Luca Delfino Wikipedia, Wiki, Biografhia

Luca Delfino Wikipedia, Wiki, Biografhia

Luca Delfino Wikipedia, Wiki, Biografhia – Although Luca Delfino was found guilty of only one murder—a femicide—that occurred to an ex of his, he is sometimes referred to as “the girlfriend killer” in the plural. He was investigated and charged with the murder of another ex-girlfriend a year prior; however, he was ultimately found not guilty in court.

Luca Delfino Wikipedia, Wiki, Biografhia

Who is Luca Delfino?

The 1977-year-old male is currently being held in La Spezia prison after spending a considerable amount of time there. While the mother committed suicide, the father started a new family with a different lady, and they had a second son. Delfino quickly found his new family’s surroundings intolerable and moved out on the streets, occasionally working as a barman. His legal case actually started in a bar.

Murder of Luciana Biggi

According to the Penitentiary Police website, Luciana Biggi had gone out with companions on January 6, 2006, and they had first visited a pub before spending the evening at a disco. She was 36 years old, an aerobics instructor in the province of Imperia, and she lived alone because both of her parents and her brother had passed away from drug overdoses. She too had battled addictions, and Bruna, who occasionally stopped to sleep at her house, remained by her side in life.

On the eve of the Epiphany, Biggi was harassed by two inebriated patrons at that pub and “saved” by a different young guy with whom she had exchanged a grin. Delfino was the person Biggi met that night and who she then carried home that same night, in spite of her sister’s objections. Delfino then entered into a domestic partnership with the woman, but things quickly went awry since he was possessive and their fights got more and more violent. In the end, Luciana Biggi decided to leave him. Nevertheless, Delfino was unaffected and would have continued to call the woman nonstop if he had engaged in stalking behaviour.

This continued up until the night of April 28 and 29, 2006, when Biggi was discovered dead by a couple who were out for a stroll in Genoa’s carruggi. She was bleeding from the arm, had her pants down and had her sweatshirt pulled up over her breasts. She also had her neck slit.

Delfino was looked into right away in part because he had been set up by nearby security cameras, which had captured him on the night of the murder heading in the same direction as the victim. Delfino promptly washed his shoes and clothes after getting home, saying to the investigators that he had “thrown up on myself” even though they had not uncovered any evidence against him there.

Murder of Antonio Multari

Following the death of Luciana Biggi, Delfino started dating Antonella Multari, a 32-year-old worker at a spa. Even with her, they moved in together right away, and just like with Biggi, there were plenty of violent fights. One such fight alarmed the Multaris, Antonella’s parents, who later learned that Delfino was being sought for the murder of an ex after conducting an Internet search. At first, Antonella Multari rejected her parents’ counsel, but she later had a change of heart. She quit working for Delfino and filed a lawsuit against him, which she ultimately withdrew in December 2006.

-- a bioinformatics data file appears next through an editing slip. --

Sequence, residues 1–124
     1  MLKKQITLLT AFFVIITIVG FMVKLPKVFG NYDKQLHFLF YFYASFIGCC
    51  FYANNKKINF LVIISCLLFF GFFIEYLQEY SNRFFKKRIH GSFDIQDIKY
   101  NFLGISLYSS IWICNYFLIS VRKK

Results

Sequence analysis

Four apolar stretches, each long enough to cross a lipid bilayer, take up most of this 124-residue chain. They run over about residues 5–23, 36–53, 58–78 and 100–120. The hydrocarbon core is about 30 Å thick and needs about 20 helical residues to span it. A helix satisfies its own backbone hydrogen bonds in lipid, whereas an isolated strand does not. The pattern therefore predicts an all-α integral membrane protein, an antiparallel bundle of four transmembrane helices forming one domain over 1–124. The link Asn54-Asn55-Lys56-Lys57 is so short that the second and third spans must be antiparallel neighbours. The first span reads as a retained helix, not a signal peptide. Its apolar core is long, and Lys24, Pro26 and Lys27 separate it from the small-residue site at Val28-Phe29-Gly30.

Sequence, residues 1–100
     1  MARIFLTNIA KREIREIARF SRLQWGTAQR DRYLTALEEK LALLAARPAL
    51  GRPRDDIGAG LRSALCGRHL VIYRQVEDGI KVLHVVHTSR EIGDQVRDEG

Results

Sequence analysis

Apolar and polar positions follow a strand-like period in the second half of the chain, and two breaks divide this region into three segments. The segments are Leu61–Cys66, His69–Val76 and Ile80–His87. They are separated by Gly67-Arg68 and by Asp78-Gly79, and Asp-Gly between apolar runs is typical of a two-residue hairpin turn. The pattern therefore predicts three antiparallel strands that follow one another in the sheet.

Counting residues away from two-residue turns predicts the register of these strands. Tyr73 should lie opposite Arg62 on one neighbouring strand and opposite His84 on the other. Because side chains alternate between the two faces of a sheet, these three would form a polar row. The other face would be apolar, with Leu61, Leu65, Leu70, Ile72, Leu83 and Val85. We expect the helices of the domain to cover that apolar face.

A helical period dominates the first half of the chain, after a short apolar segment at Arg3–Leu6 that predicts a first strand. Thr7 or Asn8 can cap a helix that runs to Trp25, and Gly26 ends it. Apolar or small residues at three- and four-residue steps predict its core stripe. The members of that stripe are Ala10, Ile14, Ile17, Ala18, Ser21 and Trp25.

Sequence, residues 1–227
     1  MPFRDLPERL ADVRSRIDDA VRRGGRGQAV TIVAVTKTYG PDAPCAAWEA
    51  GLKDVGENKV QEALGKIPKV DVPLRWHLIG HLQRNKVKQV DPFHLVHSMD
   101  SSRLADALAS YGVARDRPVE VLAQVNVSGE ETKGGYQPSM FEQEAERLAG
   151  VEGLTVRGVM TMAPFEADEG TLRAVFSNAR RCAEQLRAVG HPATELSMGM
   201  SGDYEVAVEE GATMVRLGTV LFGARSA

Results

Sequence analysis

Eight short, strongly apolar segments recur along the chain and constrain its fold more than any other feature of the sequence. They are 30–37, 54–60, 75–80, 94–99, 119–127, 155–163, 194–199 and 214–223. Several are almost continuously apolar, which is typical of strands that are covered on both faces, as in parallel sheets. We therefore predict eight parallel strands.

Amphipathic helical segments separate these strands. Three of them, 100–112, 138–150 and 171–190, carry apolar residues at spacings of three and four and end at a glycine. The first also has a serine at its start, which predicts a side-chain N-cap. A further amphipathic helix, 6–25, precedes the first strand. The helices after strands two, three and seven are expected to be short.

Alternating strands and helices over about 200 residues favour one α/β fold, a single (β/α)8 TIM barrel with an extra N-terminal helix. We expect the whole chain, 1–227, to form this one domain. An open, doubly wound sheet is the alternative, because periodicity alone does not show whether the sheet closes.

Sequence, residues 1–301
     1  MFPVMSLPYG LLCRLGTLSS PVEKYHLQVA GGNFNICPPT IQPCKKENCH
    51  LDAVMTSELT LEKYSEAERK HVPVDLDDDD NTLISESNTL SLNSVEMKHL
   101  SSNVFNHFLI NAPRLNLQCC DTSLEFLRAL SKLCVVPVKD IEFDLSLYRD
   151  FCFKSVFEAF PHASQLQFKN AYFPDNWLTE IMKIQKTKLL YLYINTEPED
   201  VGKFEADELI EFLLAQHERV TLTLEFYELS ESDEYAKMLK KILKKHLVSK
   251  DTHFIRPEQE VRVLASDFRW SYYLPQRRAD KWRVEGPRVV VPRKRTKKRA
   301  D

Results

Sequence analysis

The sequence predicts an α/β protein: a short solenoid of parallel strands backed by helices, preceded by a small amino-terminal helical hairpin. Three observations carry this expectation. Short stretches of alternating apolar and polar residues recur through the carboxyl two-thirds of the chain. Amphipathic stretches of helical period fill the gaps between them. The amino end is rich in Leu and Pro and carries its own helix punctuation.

Delfino employed stalking as a method of communication with Multari in addition to phone calls at the time. And he allegedly texted her on April 28, the anniversary of Luciana Biggi’s murder, saying, “Remember what day it is today.” On August 10, 2007, a man travelled to Sanremo and found Antonella Multari outside the beauty salon where she worked. He waited for her behind a wall and stabbed her 40 times before being stopped by a bystander and being taken into custody by police who had been informed by the public.

Trials and Prison

In spite of the prosecution’s request for a life sentence for premeditated homicide, the judge ultimately sentenced Delfino to 16 years and 8 months with a shortened procedure and 5 years of treatment in a mental health facility in January 2009. Delfino requested to visit Antonella Multari during the sessions, demonstrating his ignorance of what had occurred. Delfino was also described by the judge as “subject to high social risk”. Richard Lamonaca, according to the most recent psychiatric report, which dates back to two or three years ago—I forget exactly—is still regarded as socially harmful, his lawyer tells

But on February 14, 2011, Luciana Biggi’s murderer was declared innocent. Delfino was found not guilty of the crimes because “the motive, while existing, alone is not suitable for integrating the probative framework in such a way as to allow us to believe unequivocally that the Dauphin followed Biggi into the alley and attacked her in a fit of resentment and because she did not want to be left,” according to the verdict. There is no concrete proof of the Dauphin’s presence at the scene of the crime, and even less so of his direct involvement in the assault.

Delfino, who receives discounts for good behaviour but whose situation has occasionally gotten worse in prison due to both the accusation of harassment by a night watchman, which occurred two days before the murder of Multari, and the accusations of other prisoners, should have his sentence completed in September 2023. “The sentence should naturally end on September 11,” continues Lamonaca, “but Delfino was given 45 days off.” Which implies that he might be let out of jail in July. He also appealed the possibility of an additional 45 days being added to his sentence after they were initially recognised and then cancelled owing to issues in prison.

Categories: Biography

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